moved onto a troop transport, then whenever the transport is moved, the
       army  will be moved with the transport.  You cannot attack any piece at
       sea while on a transport.

       Fighters move over both land and sea,  and  they  move  8  squares  per
       round.   Their  high  speed  and great mobility make fighters ideal for
       exploring.  However, fighters  must  periodically  land  at  user-owned
       cities  for  refueling.   A  fighter  can  travel  32  squares  without
       refeuling.  Fighters are also shot down if they attempt to fly  over  a
       city which is not owned by the user.

       Patrol  boats  are fast but lightly armored.  Therefore they are useful
       for patrolling ocean waters and exploring.   In  an  attack  against  a
       stronger boat, however, patrol boats will suffer heavy casulties.

       Destroyers  are fairly heavily armored and reasonably quick to produce.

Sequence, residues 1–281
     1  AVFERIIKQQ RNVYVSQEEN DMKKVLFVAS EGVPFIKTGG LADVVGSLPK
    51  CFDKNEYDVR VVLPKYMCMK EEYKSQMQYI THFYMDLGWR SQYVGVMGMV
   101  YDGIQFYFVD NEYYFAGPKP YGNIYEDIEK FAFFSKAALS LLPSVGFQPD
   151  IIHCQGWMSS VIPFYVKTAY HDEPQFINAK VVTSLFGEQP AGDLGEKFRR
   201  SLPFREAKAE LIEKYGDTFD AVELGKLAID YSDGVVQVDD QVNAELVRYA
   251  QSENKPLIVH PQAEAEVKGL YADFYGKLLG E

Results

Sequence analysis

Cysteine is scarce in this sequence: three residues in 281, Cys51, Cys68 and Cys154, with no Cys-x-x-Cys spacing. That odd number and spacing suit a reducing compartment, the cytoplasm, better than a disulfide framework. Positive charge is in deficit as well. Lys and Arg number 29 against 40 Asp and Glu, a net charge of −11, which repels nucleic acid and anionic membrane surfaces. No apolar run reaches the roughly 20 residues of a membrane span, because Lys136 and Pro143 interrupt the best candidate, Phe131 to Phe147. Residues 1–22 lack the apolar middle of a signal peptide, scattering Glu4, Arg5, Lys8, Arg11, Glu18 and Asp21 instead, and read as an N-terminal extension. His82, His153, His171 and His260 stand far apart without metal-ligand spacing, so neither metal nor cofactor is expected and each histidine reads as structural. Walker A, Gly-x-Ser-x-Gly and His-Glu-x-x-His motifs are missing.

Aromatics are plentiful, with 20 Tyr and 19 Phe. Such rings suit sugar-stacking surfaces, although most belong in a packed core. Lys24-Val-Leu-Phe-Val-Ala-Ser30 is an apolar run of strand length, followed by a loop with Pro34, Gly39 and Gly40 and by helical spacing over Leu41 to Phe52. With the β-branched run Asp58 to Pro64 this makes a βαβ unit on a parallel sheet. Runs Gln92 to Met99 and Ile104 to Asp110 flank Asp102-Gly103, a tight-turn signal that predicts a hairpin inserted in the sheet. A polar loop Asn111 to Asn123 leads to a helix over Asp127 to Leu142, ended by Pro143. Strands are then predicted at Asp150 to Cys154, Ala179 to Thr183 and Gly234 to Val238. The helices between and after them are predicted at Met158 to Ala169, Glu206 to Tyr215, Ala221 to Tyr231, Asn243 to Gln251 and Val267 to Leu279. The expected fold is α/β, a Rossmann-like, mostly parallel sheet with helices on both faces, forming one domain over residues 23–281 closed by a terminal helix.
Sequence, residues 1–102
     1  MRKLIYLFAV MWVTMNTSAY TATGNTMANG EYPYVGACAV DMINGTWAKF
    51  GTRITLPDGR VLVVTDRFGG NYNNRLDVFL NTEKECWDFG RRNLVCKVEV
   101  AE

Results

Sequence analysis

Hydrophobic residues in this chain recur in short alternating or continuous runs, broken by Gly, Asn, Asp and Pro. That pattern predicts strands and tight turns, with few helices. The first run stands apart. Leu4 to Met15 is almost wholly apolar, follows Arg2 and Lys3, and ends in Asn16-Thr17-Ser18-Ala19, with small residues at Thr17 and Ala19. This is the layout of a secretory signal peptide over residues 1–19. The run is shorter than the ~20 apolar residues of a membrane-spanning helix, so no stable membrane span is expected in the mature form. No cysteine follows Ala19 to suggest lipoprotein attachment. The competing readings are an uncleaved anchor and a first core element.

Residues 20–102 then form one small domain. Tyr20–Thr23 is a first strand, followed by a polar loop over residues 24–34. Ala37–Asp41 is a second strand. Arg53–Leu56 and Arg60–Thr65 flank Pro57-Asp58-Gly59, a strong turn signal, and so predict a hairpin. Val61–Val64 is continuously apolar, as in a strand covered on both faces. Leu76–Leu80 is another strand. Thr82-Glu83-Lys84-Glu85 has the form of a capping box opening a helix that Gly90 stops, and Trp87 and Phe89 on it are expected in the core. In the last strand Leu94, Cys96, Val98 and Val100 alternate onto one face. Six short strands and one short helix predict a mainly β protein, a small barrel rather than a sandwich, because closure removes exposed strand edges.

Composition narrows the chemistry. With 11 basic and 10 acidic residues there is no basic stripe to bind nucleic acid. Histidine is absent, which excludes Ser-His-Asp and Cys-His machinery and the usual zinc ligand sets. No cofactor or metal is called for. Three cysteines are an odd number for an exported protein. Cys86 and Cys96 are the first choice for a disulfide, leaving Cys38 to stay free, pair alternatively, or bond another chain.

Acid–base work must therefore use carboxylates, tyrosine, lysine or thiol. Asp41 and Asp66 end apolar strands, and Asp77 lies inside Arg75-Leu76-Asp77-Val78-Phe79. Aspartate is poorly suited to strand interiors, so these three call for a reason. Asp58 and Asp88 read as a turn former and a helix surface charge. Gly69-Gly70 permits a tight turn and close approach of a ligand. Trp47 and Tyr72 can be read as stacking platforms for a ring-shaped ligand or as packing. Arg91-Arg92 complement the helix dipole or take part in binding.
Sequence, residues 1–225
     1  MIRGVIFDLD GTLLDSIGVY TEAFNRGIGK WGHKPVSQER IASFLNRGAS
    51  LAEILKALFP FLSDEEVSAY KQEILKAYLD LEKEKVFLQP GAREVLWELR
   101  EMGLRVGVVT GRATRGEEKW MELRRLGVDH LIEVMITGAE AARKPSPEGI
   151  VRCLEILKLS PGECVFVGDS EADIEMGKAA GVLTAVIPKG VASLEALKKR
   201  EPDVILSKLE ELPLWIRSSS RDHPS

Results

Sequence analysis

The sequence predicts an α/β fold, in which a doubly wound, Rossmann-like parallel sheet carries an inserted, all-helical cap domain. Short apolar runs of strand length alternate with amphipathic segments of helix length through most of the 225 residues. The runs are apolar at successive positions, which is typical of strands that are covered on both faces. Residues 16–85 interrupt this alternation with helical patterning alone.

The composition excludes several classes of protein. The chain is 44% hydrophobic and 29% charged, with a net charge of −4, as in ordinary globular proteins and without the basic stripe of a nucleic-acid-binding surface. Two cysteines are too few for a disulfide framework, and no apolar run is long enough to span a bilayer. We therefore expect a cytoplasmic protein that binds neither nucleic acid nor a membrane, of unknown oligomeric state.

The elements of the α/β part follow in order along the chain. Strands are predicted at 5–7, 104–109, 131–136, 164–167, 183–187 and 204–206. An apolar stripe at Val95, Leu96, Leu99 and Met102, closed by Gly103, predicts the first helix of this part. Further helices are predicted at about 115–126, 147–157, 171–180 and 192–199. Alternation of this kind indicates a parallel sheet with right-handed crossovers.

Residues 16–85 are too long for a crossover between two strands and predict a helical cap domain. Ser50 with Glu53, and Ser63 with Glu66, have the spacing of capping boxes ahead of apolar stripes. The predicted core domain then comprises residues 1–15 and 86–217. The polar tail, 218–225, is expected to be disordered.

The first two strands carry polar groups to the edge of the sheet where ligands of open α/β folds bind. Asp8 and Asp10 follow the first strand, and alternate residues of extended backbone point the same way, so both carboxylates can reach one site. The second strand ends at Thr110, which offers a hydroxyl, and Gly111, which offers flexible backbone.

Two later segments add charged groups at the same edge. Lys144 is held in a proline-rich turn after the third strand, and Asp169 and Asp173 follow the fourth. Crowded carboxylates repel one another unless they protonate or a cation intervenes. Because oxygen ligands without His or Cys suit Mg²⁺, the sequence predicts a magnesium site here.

Thus they are useful for  destroying  enemy  transports  which  may  be
       trying to spread the enemy across the face of the world.

       When  a  submarine scores a hit, 3 hits are exacted instead of 1.  Thus
       submarines can inflict heavy damage in a fight against heavily  armored
       boats.   Notice  that  healthy submarines will typically defeat healthy
       destroyers two-thirds of the time.  However, a submarine will defeat  a
       fighter  about  two-thirds of the time, while a destroyer will defeat a
       fighter three-fourths of the time.

       Troop transports are the only pieces that can carry armies.  A  maximum
       of six armies can be carried by a transport.  On any world containing a